Not Believing the Economy Will Collapse As QE Is Eased

Written by Steven Hansen Will the higher interest rates already being felt (supposedly caused by the Fed’s more definitive yet indefinite quantitative easing tapering announcement) kill the economy? This time Nobel Laureate Professor Paul Krugman stated:

How Will Ending Quantitative Easing Effect the Markets?

Written by Steven Hansen The Federal Reserve’s FOMC meeting minutes were released earlier this week indicating many (few, majority, most, all?) members were leaning towards terminating some aspects of the current quantitative easing (QE) purchases sooner rather than later. ….A few participants noted that they already viewed the costs as likely outweighing the benefits and …

What Would It Take to Ignite Inflation?

Written by Gene Balas We see a few signs of budding inflation.  But will it bloom? Survey data point to businesses’ higher costs in recent months.  The key question is whether those cost increases are temporary or persistent, and whether they will be passed on to their customers in higher prices.  That, in turn, depends …

Contrarian Analysis for 2012. Part 1.

Could 2012 Surprise to the Upside? by Guest Author John Slater, Capital Matters In January we are trained to predict the likely course of the coming year and more often than not we get it wrong. This year virtually everyone has had the same prediction: “We’ll muddle along at around 2.5% growth unless something really …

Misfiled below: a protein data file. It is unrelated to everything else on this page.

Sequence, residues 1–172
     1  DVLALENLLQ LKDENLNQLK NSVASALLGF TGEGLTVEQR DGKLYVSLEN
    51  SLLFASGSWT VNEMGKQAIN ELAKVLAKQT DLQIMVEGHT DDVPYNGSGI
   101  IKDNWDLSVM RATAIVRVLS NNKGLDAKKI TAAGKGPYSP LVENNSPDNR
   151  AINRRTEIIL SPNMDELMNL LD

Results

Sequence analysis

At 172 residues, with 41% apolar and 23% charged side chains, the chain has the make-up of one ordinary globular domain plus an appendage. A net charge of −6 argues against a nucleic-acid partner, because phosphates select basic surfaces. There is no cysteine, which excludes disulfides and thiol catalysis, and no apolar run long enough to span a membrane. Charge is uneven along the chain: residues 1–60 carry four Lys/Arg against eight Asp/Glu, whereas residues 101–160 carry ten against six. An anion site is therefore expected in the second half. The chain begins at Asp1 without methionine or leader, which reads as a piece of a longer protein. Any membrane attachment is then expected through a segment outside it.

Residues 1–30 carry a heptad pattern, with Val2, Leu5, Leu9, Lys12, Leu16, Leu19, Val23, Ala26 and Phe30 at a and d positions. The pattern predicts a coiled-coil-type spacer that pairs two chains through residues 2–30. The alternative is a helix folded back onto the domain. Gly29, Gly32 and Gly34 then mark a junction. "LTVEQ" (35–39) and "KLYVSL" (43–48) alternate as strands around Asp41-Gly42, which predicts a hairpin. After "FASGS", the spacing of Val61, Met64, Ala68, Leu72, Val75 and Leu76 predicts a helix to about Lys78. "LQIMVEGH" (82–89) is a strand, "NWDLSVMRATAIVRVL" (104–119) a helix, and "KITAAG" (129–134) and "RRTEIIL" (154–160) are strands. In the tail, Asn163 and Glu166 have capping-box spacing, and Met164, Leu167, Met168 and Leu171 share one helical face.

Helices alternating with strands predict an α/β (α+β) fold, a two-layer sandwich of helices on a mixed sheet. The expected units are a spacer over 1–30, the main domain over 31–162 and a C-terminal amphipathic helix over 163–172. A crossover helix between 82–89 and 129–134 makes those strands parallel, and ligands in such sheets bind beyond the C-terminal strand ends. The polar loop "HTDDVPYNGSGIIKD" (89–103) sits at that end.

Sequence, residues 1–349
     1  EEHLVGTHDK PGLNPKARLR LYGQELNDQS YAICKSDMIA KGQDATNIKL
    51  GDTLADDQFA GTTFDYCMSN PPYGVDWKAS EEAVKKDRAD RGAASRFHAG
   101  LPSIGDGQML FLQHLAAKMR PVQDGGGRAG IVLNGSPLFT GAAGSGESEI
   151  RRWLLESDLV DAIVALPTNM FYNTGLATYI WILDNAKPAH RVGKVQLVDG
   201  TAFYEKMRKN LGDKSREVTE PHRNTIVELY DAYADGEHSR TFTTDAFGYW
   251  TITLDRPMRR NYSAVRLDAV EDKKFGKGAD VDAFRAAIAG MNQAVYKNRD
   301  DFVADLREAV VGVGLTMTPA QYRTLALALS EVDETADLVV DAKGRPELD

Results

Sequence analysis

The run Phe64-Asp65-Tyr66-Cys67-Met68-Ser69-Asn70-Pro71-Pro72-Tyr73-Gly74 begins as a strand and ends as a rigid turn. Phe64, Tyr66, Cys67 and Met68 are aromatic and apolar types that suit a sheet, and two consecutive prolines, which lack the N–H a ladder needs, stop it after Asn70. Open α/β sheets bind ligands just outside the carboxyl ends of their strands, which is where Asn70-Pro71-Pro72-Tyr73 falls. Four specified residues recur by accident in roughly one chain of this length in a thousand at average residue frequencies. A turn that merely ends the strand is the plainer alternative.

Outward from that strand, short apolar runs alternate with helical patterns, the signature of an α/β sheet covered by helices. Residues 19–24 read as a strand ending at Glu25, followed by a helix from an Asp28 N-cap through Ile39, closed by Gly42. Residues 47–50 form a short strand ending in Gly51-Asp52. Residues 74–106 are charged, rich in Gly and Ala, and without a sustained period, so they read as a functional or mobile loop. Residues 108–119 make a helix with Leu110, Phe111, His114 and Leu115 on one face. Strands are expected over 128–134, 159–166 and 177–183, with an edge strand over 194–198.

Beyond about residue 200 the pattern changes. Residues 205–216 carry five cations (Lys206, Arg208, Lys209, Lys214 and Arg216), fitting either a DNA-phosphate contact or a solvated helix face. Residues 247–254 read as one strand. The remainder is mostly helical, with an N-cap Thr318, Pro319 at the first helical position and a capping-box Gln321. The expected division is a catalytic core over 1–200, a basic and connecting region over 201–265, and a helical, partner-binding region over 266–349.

Nominal GDP Targeting

by Dirk Ehnst

Paul Krugman has embraced nominal GDP targeting. And we are back at the old QE discussion. It is Richard Koo in the red corner, vs Paul Krugman in the blue corner. One is left with the impression that the whole case for a nominal GDP target is based on dubious assumptions and mixed evidence at best. The case for fiscal policy is much more clear-cut. Targeting nominal GDP is OK with me, as Paul Krugman says, why exclude the fiscal side? As it stands, it is a lender’s strike. Investors want to see aggregate demand rise, and not expect that it rises. Only then you get back to talking about credibility and confidence and all those things. Since we are in a situation which resembles the Great Depression, I am not aware that any country escaped from that event by changing expectations. Two things did it: exiting the gold standard (which gave you control over the interest rate and money supply), and ramping up fiscal policy. I wish there were another way.